Michael Tilson Thomas was looking hard for insight in Schubert last Saturday. He found it in words, if not in the music. Indeed, you might say he chose the first Entr’acte from Rosamunde for an illustration of his point. As a young man, Thomas managed to alienate the Boston Symphony for decades by talking too much, and the tendency to lecture and otherwise condescend to his audiences from the podium still remains. This time, though, the music happened to be rather forgettable, and Thomas’ remarks about it more interesting. The Entr’acte seems to be part of a dry run for Schubert’s “Unfinished,” and MTT correctly pointed out that its harmony is headed in the direction of Mendelssohn and Schumann.
Though one hundred years old and a comedy set in 1740’s Vienna, Der Rosenkavalier is still fresh. This is partly because the opera is timeless because, as Robert Gibson and Andrew Riemer’s interesting program notes point out, it is an anachronistic mixture of different bits of Viennese cultural. For instance one can nitpick the fact the romantic waltzes Richard Strauss incorporated into the opera’s music and plot wouldn’t exist until the 19th Century (they were barely dancing l’Allemande with linked hands in the mid 18th Century). Thus the opera is about as logical and historically accurate as a myth is — it is a rich Dobos torte (whose recipe Dobos donated to the Budapest Pastry and Honey-bread Makers’ Guild five years before the opera’s première, for what it’s worth) of many integrated layers, some chocolate, some nutty, some sugary, and some disturbing, ashy and mawkish. Present also is something of Sigmund Freud’s contemporaneous Vienna, not just in the way we see how his patients’ inherited neuroses manifested themselves some generations prior, but also as psychology as one of the last frontiers of the enlightenment. The famous final duet is to be sung “träumerisch”: the young hero Octavian sings “Ist ein Traum…” just as the “secret of his dream is revealed” (see photo of tablet below). He wakes up from the intense love affair with the Marschallin and realises the true nature of his feelings. This happens only after he has convinced his rival the Baron Ochs of his insanity by simulating hallucinations in a kind of upside down abreaction in the form of a Viennese masked ball. Octavian awakens to the realisation that his love for the Marschallin is “mere” warm friendship and discovers true love for the young Sophie who is fresh from the convent. He had refused to face the dawn in Act I, but by Act III he comes to act on the dreams, or at least the strange events, of the intervening scenes in which he undergoes two transformations to the opposite sex, encounters a symbolic silver rose, tries to duel Ochs and sets up said masked ball, before fixing his and Sophie’s lives. Octavian, knightly and hot headed though he is, has a manly grace. He forsakes brute force in the end to find a third alternative to his problems, which should be relevant today when the beastly Baron Ochs’ style of greed of is often valued over character, civility and proper thinking. Or at least relevant to those who more reasonably mistake romantic love for friendship or believe one necessarily precludes the other for all time.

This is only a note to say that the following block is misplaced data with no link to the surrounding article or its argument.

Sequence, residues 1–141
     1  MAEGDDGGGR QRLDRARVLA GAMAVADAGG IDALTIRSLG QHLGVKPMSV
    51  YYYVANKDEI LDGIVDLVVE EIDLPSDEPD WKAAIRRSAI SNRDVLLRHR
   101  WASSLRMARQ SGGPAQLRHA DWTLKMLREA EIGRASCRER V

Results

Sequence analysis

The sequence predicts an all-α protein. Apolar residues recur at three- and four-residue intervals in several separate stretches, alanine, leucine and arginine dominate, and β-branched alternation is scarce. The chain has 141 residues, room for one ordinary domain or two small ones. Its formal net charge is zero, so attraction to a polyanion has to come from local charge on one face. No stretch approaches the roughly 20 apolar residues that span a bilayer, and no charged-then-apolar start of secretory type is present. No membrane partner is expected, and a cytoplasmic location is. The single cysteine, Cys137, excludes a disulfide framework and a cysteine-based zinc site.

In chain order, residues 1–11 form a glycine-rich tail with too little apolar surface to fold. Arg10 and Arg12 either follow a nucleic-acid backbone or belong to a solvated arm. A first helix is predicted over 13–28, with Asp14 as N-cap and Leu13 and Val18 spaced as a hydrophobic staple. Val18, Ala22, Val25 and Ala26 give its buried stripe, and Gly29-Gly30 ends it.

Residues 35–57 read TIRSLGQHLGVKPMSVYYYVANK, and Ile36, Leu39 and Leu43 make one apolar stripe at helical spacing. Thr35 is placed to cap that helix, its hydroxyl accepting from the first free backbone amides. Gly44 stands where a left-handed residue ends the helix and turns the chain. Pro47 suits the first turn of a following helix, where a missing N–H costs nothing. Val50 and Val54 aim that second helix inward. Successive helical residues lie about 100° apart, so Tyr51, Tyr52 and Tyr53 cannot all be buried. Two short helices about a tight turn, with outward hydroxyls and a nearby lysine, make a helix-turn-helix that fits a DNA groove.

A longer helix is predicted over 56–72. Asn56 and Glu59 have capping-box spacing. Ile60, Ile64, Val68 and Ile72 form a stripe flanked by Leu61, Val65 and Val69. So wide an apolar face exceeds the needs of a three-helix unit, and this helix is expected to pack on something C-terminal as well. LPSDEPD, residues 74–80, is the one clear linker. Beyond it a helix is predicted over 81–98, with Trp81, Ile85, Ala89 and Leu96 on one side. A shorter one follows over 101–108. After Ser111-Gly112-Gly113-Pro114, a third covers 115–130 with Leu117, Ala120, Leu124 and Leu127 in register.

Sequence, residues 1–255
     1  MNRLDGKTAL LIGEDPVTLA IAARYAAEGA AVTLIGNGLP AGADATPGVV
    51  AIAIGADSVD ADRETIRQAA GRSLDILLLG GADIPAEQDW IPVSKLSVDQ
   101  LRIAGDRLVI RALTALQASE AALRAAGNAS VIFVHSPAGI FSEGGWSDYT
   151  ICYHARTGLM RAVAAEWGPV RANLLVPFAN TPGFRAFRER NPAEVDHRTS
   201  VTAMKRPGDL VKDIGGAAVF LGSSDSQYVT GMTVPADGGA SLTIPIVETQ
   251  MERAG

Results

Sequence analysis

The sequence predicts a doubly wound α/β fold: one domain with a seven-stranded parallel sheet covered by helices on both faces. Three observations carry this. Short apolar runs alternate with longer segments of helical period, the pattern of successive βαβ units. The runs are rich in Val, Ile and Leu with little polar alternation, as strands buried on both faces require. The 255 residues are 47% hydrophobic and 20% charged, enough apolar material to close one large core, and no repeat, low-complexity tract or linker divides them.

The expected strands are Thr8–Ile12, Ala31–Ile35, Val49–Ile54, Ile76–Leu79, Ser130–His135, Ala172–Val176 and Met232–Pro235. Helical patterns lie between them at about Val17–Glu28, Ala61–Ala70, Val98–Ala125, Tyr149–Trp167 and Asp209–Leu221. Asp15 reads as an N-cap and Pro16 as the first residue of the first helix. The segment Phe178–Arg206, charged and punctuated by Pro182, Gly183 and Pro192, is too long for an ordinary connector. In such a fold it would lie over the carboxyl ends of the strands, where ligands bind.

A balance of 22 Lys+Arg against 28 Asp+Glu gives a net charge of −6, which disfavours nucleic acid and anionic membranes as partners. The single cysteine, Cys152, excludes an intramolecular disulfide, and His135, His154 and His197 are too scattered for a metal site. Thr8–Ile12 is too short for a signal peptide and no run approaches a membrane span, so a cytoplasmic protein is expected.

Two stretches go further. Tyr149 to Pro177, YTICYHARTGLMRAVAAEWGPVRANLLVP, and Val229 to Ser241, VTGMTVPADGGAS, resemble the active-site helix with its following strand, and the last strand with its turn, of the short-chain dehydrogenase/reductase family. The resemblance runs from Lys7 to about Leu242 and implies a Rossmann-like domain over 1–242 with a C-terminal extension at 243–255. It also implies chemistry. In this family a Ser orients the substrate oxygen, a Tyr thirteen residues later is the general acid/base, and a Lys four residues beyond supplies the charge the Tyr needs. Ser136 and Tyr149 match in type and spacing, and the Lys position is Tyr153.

Ah, the tone of a production. Was Schumann right when he quoted Schlegel at the top of his score to the Fantasie this way: “Through all the world’s dream there sounds one tone for him who can hear it?” I’m thinking now of many different pieces — Our Town of Thornton Wilder, first. This concentrated text has the bareness, the emptiness of Greek tragedy on the page. The actions, however, are humble. Is there a single tone there?
Strauss was never more the musical conjurer than he was in Ariadne auf Naxos. With an ensemble of thirty-seven instruments, including harmonium, celesta, piano, harps and percussion, a shimmering and transparent opera emerges and asserts its lean clarity against a perceived Wagnerian monumentalism. Even when Strauss wants his cake after eating it, and strives for a Tristan-like blossom in the second half (the one and only “Act” of this work, the first half being a Prologue), one cannot fault the ensemble for sounding a bit threadbare in its overreaching to the Bayreuth master. After all, this textural contrast of light and heavy is all in line with the clever libretto of Hugo von Hofmannsthal, which is an ironic comment on Love the Ideal and what we know as reality in our all-too-human relationships.